I am not here to promote anythingNo, that's not true, I am here to promote everything equestrian and everyone enjoying horses!
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post #5 of 21 Old 05-18-2016, 11:27 PM Thread Starter
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Yep Michaela is right! :)

I hear ya. I really don't want this family to lose interest, because they genuinely want to learn, but have just gotten way over their heads.

Rode the horses tonight. The mare (Who has apparently been bolting with the kids) showed no such behavior with me - She is DEAD sided. Kick kick kick and not a lot of response. Really quick in the round pen though, no buck in her. She did however display a little bit of "I'm gonna turn my nose out and drift my shoulders this way...." which a swift kick corrected. I suspect that perhaps this is where it stems from, her trying to go back to the barn and the kids not having the ability to correct her.

The gelding, however, I am nervous about. I did not spend much time on his back. As soon as I go to get on, with his head bent around all the way, he immediately lifts his head and tries to stiffen his neck against me and his whole body tenses. They have had a chiropractor out to see him and he says nothing is wrong that way, so I am hoping he will be able to work through it. My saddle fits him fine. (As you guys know, this is not my first rodeo....) He is also one who has apparently "spooked" and tossed the mom off. It's strange though. The video from his previous owner shows him competing in team penning at the AQHA world show. Not really sure what is going on with him. Going to go out again tomorrow though....

Wish me continued luck!

Pssh.I didn't pick up the wrong lead
It's called a counter canter...
...A very advanced maneuver.
SorrelHorse is offline  
post #6 of 21 Old 05-19-2016, 12:10 AM
Trained
 
Join Date: Apr 2013
Location: Southern Indiana
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Will certainly wish you the best of luck. You're being an awesome steward into the wonderful world of horses for these people. I learned from people like you so I have no tips on the best books or videos.

R.I.P. JC 5/19/85 - 12/9/14. You made my life better.
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post #7 of 21 Old 05-19-2016, 03:11 AM
Showing
 
Join Date: Oct 2009
Location: Seattle, WA
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well, even though they are in way over their heads, it behooves you to help them find successes, and , to some degree, hide from them the depth of their ignorance. don't reveal to them all at once what they should know . it will scare them off.

let them revel in each victory (letting them take as much credit as you can) and don't let them reall know that it is a minute fraction of what they'll need to do, eventually.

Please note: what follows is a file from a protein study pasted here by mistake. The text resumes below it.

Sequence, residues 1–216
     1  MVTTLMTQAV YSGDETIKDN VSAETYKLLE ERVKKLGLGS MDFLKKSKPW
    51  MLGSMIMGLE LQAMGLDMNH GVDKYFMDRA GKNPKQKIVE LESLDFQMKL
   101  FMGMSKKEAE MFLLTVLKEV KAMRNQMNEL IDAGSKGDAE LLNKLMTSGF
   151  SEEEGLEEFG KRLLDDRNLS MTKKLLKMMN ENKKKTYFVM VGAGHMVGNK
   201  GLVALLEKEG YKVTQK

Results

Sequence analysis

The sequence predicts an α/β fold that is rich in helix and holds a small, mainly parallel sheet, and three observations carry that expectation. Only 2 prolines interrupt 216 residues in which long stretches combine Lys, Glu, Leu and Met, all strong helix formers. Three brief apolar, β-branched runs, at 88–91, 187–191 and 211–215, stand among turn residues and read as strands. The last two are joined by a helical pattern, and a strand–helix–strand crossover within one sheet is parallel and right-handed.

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post #8 of 21 Old 05-19-2016, 03:40 AM
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Location: Germany- but not German =D
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SH, bless you for taking this on!

It's never easy, but you'll definitely find it rewarding.

I found horse magazines my best bet- ignoring all the ads about miracle tail growth sprays and nutrient powder this and that. I also had an instructor who would lynch me if I bought any new "useless" equipment so I learned what I really needed and what I didn't.

Agree with tiny on the information over load- I was trying to explain to my other half how awesome it felt to ride a horse that had some good flatwork training under saddle, and he's at the stage where left rein means left and kick means go faster and as much as he was interested he couldn't comprehend it.

Get them to a library, find some old school riding and care books. They tend to be the best kind, I wish I still had a copy of my old one so I could remember the name!
DuffyDuck is offline  
post #9 of 21 Old 05-19-2016, 09:40 AM
Yearling
 
Join Date: Aug 2015
Location: Michigan, USA
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If you are in the States, visit the local County Extention (usually in cooporation with a State University) office for 4-H material. The kids can participate in 4-H and learn tons about horses as can their parents by osmosis. If they do a project with a group leader, they will have another source of info in addition to yourself.

I was a 4-H leader for 25 years (dog project) and all my kids over the years (and their parents) learned a lot!
Whinnie is offline  
post #10 of 21 Old 05-19-2016, 10:12 AM
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6gun Kid is offline